Naturally, Lex goes where he shouldn’t go. A “box” or “the Box” is important in both of these stories. Luthor manages to piss off Ras, who kills him in a rage. Luthor gets revived courtesy of the Lazarus Pit. The captions tell the rest of the tale best - - what Luthor hoped would happen, and what he lost as a consequence of his actions - - - “for the old man knew for Luthor life would punish worse than death. And all those flaws that might have saved him, had he know them, shown them, seen - - were locked up in that moment’s secrets. Blamed on others - - save for dreams.” Now I need to read some back-issues of ACTION COMICS. Hope I can find a friend to loan them to me. I simply can’t afford all this goodness.
SOLDIER ZERO #3 (Boom! Studios, 12/15/2010 release date) Stan Lee, grand poobah. Paul Cornell, writer. Sergio Arino, art. Archie Van Buren, colors. Ed Dukeshire, letters. Covers by Trevor Hairsine and Kalman Andrasofszky.
The third issue of the comic that started all this Cornell curiosity for me - - SOLIDER ZERO - - comes out today and I remain delighted and very happy with this new book.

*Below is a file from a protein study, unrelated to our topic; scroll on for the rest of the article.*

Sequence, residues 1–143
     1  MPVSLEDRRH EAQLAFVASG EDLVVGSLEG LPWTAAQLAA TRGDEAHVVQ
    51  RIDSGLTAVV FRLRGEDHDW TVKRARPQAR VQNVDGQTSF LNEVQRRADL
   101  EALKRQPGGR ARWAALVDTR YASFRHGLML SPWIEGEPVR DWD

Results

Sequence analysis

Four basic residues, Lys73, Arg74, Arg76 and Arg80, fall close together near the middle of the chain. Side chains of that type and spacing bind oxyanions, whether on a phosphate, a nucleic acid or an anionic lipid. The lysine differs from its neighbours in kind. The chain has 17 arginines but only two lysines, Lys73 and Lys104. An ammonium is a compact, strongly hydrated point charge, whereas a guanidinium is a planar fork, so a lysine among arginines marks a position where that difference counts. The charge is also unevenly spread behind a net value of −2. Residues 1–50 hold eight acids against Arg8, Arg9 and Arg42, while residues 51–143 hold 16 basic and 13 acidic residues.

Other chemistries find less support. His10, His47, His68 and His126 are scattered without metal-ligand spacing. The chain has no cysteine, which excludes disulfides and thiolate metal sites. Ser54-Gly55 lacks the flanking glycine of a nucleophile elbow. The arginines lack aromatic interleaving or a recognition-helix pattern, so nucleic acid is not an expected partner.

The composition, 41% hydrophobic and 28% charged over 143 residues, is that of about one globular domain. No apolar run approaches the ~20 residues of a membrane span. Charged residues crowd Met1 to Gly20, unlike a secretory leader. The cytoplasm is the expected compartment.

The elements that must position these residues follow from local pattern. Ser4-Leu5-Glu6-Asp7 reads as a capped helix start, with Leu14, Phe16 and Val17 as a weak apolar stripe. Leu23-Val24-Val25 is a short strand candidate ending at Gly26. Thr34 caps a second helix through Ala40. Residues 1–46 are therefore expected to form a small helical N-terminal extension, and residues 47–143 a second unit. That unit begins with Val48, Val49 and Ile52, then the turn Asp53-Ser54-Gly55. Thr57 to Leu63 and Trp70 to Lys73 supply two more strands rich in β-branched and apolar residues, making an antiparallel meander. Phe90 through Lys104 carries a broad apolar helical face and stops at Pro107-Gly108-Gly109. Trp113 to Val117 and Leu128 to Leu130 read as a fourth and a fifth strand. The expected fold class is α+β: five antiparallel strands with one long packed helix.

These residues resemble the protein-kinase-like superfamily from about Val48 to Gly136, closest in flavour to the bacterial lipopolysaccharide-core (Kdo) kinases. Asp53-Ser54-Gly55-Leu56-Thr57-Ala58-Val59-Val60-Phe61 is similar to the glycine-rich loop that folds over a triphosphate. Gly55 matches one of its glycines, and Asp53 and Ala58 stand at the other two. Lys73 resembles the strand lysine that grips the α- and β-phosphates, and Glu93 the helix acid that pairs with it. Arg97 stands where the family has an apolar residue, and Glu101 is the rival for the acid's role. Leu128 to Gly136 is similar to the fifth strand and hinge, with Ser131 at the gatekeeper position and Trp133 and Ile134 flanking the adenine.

Some time ago I was asked to mention some of my favorite comics and I stumped myself. I just couldn’t pin it down - - so I decided to talk about all the different genres of comics that I enjoy to read and what common element attracts me to them - - good characterization. I guess I’m just too jaded after decades of reading comics (especially super-hero titles) and a good plot or mystery sometimes just isn’t enough for me anymore. The only exception for me are the short stores in horror titles where the plots rule. But, if it’s a continuing series I need more than that. Good character-driven stories will do it for me and keep me engaged. Action and plot alone aren’t sufficient enough to hold my interest. What attracts me to SOLIDER ZERO the most is the way these characters are being developed and more insights revealed as the story progresses. (Whew! - - and I still need to write about Cornell’s quirky KNIGHT & SQUIRE series at some future date. - - No rest for the relentless reader/writer.)